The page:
Bee Decline and How You Can Help
There are more than 250 species of bee within the UK. The main bee species you can find include the Mining Bee, Bumblebee, Mason Bee and each of these families comprise of a number of subspecies. You can also find one type of the Honey Bee in the UK. To find out more information on each of these bee populations, visit The Woodland Trust where you can learn how to identify each species and in which habitats they can be found.
Causes of UK Bee Decline
Bees have faced decline due to habitat loss, climate change and the use of pesticides. The change in our urban landscape has meant that bees have lost vital habitats. Friends of the Earth have reported bees have lost 97% of their wild flower meadows since the 1940s. Intensive farming methods through use of pesticides have reduced the amount of pollinator friendly habitats which has had a devastating impact on vital bee food sources. It has also been found that when a bee comes into contact with pesticides, it either dies immediately or, if it survives, it transports residue from the pesticide back to its colony. It is believed this has caused some decline on bee colonies across the UK and is one of the proposed causes of ‘colony collapse disorder’ (CCD). This disorder occurs when only a queen bee and a handful of immature bees are left in a colony due to the disappearance of the worker bees.
Scientists have researched the effects of climate change and how this impacts bee nesting behaviours. Climate change may be affecting the timing of plant flowering and bee emergence following winter. The early flowering of plants followed by a sudden drop in temperature and snowy conditions has created new challenges for our UK bees.
How can we Help Bee Populations
There are many great ideas that can be found online to help support bees and many of these can be done at home, school and in our communities. Many of these activities provide a fantastic opportunity for children to get involved in bee conservation and can be incorporated into a school or home-learning project.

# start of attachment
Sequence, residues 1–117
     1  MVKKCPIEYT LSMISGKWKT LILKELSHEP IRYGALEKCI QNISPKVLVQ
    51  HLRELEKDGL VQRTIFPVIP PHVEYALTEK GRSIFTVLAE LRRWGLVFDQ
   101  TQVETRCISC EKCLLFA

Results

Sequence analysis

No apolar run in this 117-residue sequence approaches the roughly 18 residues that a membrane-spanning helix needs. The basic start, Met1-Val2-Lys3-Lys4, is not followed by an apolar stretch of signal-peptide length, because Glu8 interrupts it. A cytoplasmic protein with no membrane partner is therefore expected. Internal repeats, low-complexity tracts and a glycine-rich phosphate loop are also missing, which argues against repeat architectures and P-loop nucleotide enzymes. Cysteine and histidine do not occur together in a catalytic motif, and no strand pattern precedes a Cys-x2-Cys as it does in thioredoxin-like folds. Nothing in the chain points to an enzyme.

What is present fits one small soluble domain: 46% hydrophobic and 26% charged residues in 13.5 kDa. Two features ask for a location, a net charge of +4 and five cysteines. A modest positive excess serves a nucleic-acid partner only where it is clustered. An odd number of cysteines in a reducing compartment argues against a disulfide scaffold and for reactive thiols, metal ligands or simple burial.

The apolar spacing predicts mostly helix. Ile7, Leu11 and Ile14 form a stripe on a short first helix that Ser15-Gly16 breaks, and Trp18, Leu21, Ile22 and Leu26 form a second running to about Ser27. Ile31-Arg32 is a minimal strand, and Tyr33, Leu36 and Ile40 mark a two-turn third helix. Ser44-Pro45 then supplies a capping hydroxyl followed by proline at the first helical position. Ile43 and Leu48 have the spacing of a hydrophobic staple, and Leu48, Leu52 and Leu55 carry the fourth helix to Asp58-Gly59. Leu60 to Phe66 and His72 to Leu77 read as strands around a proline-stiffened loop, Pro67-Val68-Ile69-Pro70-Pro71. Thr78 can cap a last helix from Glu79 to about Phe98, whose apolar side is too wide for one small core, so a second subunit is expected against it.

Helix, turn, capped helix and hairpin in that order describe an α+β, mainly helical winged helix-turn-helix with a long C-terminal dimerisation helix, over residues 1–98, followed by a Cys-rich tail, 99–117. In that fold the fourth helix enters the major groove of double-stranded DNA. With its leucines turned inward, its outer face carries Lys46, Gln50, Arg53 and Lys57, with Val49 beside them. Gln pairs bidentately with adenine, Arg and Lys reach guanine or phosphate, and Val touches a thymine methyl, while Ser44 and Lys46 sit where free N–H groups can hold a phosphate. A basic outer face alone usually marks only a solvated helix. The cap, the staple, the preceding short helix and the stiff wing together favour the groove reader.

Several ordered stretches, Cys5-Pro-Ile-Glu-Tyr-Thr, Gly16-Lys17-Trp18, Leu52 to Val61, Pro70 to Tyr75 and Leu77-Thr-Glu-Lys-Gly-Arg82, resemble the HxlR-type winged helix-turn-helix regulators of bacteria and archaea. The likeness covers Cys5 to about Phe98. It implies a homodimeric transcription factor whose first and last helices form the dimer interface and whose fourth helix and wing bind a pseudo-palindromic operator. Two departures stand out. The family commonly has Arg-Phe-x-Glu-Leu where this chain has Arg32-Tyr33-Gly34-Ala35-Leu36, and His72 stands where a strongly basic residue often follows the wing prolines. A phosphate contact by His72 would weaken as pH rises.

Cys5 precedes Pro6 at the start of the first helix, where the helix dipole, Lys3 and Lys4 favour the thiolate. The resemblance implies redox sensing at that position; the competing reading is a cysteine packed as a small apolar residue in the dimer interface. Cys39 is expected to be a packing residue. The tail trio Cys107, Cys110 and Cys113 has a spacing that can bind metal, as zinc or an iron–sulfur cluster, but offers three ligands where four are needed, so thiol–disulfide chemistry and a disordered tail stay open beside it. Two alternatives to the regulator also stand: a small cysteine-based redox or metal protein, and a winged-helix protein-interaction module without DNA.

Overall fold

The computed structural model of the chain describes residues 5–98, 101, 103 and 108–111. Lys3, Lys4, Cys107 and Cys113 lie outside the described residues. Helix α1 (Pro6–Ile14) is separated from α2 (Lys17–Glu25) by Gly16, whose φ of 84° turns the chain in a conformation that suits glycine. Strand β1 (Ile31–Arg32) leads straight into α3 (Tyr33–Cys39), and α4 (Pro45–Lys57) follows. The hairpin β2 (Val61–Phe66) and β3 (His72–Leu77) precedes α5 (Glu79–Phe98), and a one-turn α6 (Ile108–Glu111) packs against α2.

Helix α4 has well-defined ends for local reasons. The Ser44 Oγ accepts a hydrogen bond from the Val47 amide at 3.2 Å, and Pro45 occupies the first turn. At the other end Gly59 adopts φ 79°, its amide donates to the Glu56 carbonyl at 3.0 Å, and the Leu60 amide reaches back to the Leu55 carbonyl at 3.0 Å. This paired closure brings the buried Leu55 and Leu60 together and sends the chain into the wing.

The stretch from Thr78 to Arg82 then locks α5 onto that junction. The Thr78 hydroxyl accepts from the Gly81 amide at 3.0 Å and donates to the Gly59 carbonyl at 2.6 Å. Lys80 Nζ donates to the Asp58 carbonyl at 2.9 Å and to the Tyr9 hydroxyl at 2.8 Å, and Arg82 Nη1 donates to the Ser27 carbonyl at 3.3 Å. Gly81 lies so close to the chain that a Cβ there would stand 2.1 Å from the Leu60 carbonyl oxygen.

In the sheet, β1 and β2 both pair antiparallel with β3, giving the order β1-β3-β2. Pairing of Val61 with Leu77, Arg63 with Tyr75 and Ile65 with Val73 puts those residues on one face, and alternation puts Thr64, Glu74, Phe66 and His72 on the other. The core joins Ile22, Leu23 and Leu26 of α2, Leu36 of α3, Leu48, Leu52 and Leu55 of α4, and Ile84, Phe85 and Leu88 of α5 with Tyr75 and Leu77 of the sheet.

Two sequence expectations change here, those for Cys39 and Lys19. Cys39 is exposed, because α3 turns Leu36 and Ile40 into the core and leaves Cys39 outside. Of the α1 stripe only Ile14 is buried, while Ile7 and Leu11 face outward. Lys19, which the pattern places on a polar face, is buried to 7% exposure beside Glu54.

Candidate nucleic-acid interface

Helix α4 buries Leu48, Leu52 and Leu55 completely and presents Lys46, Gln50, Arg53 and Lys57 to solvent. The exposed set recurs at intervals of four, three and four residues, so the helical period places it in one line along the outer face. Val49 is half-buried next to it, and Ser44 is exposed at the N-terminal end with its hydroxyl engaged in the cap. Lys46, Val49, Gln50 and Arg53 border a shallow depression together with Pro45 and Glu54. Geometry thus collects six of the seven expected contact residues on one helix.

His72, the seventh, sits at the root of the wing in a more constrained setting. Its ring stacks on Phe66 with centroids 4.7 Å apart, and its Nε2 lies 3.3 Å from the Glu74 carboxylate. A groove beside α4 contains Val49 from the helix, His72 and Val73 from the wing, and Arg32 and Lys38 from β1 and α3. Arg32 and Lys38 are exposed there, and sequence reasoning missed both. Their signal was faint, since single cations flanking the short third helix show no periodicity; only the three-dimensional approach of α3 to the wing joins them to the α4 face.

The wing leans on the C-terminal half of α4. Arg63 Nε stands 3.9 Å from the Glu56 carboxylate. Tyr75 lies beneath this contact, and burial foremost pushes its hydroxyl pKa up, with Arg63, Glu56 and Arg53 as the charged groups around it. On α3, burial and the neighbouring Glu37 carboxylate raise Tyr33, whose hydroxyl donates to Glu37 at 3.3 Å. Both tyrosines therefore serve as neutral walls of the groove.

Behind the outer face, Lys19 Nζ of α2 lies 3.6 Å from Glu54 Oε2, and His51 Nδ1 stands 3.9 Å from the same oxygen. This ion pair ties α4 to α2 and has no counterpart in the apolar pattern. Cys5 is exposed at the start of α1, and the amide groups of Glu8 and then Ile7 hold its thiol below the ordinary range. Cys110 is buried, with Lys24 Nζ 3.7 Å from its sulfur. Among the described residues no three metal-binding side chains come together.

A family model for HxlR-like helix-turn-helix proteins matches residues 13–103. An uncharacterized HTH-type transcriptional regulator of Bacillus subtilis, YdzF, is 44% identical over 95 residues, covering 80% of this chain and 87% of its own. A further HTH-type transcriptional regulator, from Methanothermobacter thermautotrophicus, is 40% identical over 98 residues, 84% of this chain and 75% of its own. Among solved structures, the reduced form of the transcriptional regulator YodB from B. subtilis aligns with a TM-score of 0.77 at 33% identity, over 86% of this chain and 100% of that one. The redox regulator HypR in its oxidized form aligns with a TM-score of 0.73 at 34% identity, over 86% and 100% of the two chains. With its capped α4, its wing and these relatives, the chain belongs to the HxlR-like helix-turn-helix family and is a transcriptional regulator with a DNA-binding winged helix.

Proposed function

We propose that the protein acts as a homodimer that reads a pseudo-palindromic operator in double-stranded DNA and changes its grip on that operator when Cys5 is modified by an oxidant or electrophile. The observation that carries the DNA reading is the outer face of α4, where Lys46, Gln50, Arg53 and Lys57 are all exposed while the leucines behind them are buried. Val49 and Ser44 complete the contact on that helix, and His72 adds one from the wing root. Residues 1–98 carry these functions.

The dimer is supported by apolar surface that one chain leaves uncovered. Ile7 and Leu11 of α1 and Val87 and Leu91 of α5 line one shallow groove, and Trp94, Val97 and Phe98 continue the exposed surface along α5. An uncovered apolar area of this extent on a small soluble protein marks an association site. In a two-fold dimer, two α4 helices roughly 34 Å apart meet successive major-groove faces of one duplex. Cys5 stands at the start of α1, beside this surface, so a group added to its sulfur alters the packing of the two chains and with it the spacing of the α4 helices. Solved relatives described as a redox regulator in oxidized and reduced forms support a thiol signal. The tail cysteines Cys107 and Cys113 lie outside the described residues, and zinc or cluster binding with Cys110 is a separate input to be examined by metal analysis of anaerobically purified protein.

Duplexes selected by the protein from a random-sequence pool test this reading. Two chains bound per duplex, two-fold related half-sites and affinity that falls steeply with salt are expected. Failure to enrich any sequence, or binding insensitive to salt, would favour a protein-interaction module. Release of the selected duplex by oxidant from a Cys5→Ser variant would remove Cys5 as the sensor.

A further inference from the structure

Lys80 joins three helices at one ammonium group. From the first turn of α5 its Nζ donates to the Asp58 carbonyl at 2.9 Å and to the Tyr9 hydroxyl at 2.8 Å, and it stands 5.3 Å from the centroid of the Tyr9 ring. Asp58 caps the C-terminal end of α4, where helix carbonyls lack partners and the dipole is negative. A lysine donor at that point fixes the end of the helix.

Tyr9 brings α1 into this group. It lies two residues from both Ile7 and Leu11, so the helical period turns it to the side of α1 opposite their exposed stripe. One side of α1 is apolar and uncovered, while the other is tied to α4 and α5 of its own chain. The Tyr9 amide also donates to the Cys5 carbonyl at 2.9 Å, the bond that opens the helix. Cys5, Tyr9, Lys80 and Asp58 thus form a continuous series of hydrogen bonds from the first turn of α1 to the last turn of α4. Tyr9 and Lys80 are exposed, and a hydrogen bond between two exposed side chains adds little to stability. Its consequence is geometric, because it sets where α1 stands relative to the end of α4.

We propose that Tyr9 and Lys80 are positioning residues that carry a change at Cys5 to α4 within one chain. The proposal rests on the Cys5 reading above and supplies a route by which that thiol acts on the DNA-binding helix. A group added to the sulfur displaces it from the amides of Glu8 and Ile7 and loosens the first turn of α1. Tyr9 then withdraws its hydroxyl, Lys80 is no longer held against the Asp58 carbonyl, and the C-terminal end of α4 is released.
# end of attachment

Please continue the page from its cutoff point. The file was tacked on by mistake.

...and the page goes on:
- One great activity to try with children is making a bee hotel. This can be done using a range of recyclable items such as an old plastic bottle stuffed with natural materials. Further instructions can be found at Friends of the Earth.
- Another idea you can try with the kids (even if you aren’t a keen gardener) is making a wildflower section in your garden or yard. Wildflower meadows attract bees and other pollinating insects and a mini wildflower section in your garden can be low maintenance. All you have to do is sow the seeds (either mid Spring or early Autumn) and water regularly. You can purchase mixed wildflower seeds from most supermarkets and garden centres.
- If you purchase honey on a regular basis, please remember to buy locally made honey. Local honey will be prepared by local beekeepers, keeping food miles down and the honey will have a lovely unique flavour reflecting the local flora.
- You can help out any tired bees by creating this energy drink suggested by the RSPB. You can mix two tablespoons of white, granulated sugar with one tablespoon of water, and then place the mix on a small spoon. Place the bee on the spoon and hopefully it will drink and revive its energy.
Pollinator Friendly Event at Greener Kirkcaldy
Greener Kirkcaldy is running a session on Pollinator Friendly & Companion Planting on Saturday 25th May at Ravenscraig Walled Garden. The workshop helps you maximise your vegetable harvest in the garden by learning which plants help increase growth, reduce pests and attract pollinators. You can book this workshop (and many more) through the events section or if you have any questions, please phone 01592 858458 or email firstname.lastname@example.org|